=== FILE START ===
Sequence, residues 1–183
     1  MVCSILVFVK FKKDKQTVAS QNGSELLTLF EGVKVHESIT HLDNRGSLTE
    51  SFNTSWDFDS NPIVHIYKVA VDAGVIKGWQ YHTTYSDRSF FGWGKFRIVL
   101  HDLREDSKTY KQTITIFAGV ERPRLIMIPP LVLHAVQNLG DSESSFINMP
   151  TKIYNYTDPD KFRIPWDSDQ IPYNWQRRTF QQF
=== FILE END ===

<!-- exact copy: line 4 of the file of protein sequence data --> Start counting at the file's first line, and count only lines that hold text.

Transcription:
   101  HDLREDSKTY KQTITIFAGV ERPRLIMIPP LVLHAVQNLG DSESSFINMP